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US blacklists Yemen ex-president Saleh, Houthi commanders

Analysts warn that sanctions against the former president could backfire by emboldening his supporters.
Yemen's President Ali Abdullah Saleh delivers his speech on state television in this still image taken from video October 8, 2011. (AFP)

The United States on Monday imposed sanctions on Yemen's former president Ali Abdullah Saleh and two senior Houthi rebel leaders for threatening the peace and stability of the country, two days after Saleh walked out on the new government.

The US Treasury said it was blacklisting Saleh, Abdullah Yahya al-Hakim and Abd al-Khaliq al-Houthi "for engaging in acts that directly or indirectly threaten the peace, security, or stability of Yemen."

The US move followed similar action by the UN Security Council to impose sanctions on the three men last week, for threatening peace in the impoverished Arab country.

The UN sanctions prompted Saleh to pull his General People's Congress party out of the just-formed unity cabinet, plunging the country back into political crisis after months of attempts to foster a peace deal between Saleh, the Houthi insurgents believed allied to him, and their political rivals.

The Treasury said the three men "have, using violence and other means, undermined the political process in Yemen and obstructed the implementation of its political transition, outlined by the agreement of November 23, 2011... which provides for a peaceful transition of power in Yemen."

The sanctions freeze any assets the three might have in US jurisdictions and forbids Americans from doing business with them.

Saleh was the turbulent country's president from 1990 to 2012 before he was forced to step down following nationwide protests.

The US Treasury said that since then he has "reportedly become one of the primary supporters of violence perpetrated by individuals affiliated with the Houthi group."

Hakim, the Treasury said, was implicated in plotting a coup attempt against Yemen President Abdrabuh Mansur Hadi as the Houthi forces sought to take over Sanaa, Yemen's capital.

The Treasury added that Hakim remained in Sanaa in September "to organize military operations so as to be able to topple the Yemeni government" if peace efforts failed.

Analysts say the sanctions could be counter-productive.

"Considering the increasing unpopularity of the UN and of western actors’ interventions in the country, it seems very possible that the issuing of sanctions could backfire. Even many who back the punitive measures see them as too little, too late," said Adam Baron, a journalist recently expelled from Yemen in a report for the European Council on Foreign Relations.

"Whether or not they prove effective in the short term, punitive measures by themselves will not bring Yemen closer to stability. More than anything, what Yemen needs is a government that is capable of demonstrating its legitimacy and showing that it is able to solve at least some of the many problems the impoverished country face."

The timing could not have been worse, said Abdullah Hamidaddin, a PhD candidate in King’s College London with a focus on Saudi Arabia and Yemen.

"This will fall right into the hands of Saleh. The Americans literally extended a lifeline to the former Yemeni strongman, pushed him to the limelight, and emboldened his supporters to chant his name again," writes Hamidaddin.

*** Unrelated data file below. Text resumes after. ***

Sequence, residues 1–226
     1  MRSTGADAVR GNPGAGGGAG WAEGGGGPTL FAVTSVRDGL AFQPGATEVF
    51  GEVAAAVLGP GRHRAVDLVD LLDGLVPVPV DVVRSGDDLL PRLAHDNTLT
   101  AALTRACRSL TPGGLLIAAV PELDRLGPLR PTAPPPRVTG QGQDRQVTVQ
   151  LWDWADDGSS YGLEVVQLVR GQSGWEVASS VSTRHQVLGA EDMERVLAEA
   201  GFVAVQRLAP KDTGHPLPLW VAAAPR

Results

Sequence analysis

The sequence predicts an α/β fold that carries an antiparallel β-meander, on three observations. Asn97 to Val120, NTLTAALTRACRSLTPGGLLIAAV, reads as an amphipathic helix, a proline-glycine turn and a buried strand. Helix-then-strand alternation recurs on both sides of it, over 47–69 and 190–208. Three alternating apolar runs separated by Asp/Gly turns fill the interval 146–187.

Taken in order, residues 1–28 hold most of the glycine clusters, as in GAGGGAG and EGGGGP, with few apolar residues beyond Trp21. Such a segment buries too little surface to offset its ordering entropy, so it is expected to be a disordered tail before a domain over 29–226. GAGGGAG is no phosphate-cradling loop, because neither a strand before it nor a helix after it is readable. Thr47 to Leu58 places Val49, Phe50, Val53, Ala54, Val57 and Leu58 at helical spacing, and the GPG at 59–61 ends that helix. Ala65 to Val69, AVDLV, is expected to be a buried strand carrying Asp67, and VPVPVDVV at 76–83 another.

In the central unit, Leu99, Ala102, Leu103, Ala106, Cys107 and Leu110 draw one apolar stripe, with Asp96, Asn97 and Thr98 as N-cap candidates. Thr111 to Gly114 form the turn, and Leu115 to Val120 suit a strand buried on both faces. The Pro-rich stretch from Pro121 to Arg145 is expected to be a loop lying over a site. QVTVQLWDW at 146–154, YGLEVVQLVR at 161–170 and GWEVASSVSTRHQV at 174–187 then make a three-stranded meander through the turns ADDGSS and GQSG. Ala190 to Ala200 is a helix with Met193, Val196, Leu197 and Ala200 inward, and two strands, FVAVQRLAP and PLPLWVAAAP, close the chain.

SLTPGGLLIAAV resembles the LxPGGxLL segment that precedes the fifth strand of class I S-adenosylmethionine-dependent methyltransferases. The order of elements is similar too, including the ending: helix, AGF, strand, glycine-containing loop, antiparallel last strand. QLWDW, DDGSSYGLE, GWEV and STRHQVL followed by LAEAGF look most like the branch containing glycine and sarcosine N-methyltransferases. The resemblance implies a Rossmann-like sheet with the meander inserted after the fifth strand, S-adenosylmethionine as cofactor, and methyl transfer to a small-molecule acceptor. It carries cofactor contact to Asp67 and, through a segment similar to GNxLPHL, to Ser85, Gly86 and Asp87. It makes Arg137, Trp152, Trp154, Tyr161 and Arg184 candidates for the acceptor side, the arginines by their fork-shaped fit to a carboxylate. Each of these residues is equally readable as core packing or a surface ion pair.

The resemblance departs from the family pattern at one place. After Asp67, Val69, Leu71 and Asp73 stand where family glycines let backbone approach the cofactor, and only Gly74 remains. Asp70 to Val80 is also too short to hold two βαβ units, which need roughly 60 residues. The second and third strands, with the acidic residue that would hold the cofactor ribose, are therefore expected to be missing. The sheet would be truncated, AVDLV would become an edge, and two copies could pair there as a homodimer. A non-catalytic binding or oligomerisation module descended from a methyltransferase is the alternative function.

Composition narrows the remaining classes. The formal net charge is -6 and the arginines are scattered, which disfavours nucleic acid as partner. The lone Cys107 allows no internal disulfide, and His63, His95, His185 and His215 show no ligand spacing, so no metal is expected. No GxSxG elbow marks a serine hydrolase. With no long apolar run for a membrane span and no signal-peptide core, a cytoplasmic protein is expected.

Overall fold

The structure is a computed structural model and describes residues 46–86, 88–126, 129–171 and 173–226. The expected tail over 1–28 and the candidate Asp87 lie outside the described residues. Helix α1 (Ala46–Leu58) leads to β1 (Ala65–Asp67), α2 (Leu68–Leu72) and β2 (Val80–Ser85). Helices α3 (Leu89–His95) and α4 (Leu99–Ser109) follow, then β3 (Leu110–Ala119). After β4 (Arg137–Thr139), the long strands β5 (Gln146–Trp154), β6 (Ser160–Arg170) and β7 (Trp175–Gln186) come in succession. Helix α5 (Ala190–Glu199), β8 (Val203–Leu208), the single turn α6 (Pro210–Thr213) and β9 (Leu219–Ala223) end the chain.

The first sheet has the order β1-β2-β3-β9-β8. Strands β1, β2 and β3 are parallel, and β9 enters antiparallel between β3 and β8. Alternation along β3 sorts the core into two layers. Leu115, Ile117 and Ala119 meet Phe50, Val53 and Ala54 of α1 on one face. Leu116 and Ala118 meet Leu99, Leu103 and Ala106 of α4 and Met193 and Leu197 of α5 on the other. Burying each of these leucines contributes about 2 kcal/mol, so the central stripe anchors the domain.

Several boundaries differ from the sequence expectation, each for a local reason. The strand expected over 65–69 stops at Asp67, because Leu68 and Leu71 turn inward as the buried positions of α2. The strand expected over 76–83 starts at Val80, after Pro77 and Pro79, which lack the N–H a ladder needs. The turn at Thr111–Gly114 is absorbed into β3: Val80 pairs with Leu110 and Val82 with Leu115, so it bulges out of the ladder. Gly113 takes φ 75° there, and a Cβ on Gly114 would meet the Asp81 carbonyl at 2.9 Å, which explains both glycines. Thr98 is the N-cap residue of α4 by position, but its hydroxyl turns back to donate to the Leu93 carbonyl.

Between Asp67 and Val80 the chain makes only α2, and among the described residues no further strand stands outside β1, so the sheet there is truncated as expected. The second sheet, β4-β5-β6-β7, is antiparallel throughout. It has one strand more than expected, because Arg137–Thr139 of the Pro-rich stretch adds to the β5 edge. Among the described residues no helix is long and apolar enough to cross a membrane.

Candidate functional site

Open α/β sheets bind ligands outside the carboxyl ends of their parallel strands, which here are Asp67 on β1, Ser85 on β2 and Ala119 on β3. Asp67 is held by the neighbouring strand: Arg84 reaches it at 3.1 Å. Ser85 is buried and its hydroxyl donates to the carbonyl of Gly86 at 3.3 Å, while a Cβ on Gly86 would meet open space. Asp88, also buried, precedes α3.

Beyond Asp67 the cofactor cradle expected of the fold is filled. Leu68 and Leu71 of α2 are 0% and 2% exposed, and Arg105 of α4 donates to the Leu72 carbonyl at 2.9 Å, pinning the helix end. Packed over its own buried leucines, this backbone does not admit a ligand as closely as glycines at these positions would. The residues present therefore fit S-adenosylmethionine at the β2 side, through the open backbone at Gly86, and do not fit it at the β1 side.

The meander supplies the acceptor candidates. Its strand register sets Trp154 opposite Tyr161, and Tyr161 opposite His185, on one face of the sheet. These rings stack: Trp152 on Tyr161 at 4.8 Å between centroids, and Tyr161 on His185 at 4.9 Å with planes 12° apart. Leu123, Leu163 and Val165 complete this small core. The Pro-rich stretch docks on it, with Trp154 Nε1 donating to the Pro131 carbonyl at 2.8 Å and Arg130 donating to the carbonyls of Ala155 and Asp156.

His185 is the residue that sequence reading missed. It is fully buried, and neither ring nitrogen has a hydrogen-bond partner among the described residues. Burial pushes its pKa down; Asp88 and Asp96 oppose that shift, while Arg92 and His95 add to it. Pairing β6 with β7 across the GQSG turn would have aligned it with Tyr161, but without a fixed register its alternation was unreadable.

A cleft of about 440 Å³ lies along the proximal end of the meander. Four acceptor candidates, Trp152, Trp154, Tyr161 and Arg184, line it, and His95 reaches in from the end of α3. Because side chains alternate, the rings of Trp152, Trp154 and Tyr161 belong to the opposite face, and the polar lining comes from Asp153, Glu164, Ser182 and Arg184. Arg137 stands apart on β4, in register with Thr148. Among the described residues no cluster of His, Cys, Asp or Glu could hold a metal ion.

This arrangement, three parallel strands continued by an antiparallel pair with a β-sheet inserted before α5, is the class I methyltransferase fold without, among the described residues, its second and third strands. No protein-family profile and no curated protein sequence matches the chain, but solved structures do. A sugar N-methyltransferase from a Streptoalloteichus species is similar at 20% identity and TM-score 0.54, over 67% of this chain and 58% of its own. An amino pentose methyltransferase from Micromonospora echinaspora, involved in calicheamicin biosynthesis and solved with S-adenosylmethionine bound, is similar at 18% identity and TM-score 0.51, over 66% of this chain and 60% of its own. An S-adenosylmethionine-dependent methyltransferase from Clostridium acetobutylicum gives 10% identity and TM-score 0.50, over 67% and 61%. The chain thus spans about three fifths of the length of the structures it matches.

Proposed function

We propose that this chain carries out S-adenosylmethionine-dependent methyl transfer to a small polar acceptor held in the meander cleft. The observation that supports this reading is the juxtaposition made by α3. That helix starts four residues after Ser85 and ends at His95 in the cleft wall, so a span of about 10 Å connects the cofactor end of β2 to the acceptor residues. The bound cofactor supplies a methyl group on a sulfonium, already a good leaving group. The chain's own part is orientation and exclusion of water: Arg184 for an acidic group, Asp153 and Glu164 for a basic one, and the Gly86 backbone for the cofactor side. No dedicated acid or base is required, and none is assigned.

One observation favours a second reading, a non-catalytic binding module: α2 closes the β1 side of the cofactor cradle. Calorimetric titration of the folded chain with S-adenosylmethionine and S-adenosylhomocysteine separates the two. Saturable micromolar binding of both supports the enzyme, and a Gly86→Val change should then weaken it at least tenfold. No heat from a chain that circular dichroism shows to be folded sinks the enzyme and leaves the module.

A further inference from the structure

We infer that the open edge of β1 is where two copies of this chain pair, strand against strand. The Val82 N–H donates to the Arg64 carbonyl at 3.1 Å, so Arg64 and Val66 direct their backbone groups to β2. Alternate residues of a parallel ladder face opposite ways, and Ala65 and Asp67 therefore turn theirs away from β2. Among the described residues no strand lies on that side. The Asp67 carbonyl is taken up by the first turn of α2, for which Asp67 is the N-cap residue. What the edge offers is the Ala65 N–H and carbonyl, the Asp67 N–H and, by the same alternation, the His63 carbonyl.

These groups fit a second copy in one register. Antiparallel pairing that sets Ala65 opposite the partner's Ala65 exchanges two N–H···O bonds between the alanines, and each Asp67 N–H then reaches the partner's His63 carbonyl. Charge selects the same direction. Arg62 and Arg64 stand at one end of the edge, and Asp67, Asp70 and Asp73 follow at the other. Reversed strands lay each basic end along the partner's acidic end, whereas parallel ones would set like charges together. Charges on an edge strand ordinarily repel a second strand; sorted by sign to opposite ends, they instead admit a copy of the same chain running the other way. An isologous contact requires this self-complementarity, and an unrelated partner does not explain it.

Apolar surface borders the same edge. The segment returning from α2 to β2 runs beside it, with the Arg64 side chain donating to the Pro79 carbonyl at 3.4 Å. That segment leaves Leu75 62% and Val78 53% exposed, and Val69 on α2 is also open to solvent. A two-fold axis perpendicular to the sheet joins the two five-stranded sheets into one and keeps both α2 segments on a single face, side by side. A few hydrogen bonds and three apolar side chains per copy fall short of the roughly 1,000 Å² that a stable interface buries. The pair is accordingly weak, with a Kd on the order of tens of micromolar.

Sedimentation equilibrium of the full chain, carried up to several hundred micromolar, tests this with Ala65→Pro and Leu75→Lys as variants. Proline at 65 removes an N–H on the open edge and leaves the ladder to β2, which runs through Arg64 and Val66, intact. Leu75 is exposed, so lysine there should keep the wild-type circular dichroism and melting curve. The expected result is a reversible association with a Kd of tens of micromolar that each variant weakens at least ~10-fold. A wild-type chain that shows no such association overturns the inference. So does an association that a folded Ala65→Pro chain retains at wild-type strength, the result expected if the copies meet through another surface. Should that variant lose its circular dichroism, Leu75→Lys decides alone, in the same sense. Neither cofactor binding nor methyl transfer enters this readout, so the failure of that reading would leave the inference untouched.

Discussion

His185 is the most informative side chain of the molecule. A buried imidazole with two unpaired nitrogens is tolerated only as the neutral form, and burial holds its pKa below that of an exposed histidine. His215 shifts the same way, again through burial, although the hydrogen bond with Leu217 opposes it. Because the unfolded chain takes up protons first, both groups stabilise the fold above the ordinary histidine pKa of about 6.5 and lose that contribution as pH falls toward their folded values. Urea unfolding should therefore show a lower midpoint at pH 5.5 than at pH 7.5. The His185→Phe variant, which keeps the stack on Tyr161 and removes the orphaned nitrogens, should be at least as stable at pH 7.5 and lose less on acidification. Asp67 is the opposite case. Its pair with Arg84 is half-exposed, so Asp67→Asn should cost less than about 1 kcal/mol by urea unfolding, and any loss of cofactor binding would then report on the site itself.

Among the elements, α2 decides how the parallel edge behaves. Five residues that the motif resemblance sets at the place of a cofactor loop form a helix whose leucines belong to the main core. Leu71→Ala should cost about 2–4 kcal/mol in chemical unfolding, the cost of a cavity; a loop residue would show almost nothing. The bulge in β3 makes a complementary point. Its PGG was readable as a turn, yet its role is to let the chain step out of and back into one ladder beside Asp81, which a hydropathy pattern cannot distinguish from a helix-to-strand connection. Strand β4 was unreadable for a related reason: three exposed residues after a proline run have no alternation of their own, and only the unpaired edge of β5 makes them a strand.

New cabinet

Yemen's new government was announced on Friday under President Abd Rabbuh Mansour Hadi and Prime Minister Khaled Bahah. The new cabinet includes 37 ministers, including the prime minister, according to Yemeni television.

There are 29 newcomers, while seven ministers have retained their posts.

The new 36-member cabinet was formed as part of a UN-brokered peace deal under which the Houthis are supposed to withdraw from Sana’a, which they seized on 21 September.

On 1 November, the main parties signed an agreement brokered by the UN envoy to Yemen, Jamal Benomar, for the formation of a government of technocrats.

Rebel representatives and their rivals, the Sunni Al-Islah (Reform) Islamic party, mandated Hadi to form a government and committed to support it.

Washington welcomed the new cabinet.

"This multi-party cabinet must represent the strength of Yemeni unity over individual and partisan interests that may seek to derail the goals of a nation," US National Security Council spokeswoman Bernadette Meehan said.

Benomar has warned in an interview with AFP that, without the rapid formation of a government, tensions between Shiites and Sunnis were likely to increase, sinking the country deeper into crisis.

The new cabinet was formed shortly before the UN Security Council Friday imposed its sanctions against Saleh and two rebel Houthi commanders.

The Houthis are widely thought to be backed by Saleh, with Washington accusing him of being "behind the attempts to cause chaos throughout Yemen" by using them to weaken the government and "create enough instability to stage a coup".

Saleh's ruling party the GPC said the UN decision to penalise Saleh for allegedly obstructing the political process is "strange", insisting that the former strongman had "stepped down peacefully" for the sake of a political compromise.  

Saleh said he was willing to give up the immunity he was granted after stepping down in February 2012 following nationwide protests, and to face Yemeni justice.

"Find any [corruption] files, refer them to justice and lift the immunity. I will be there to appear in court," he told the GPC.

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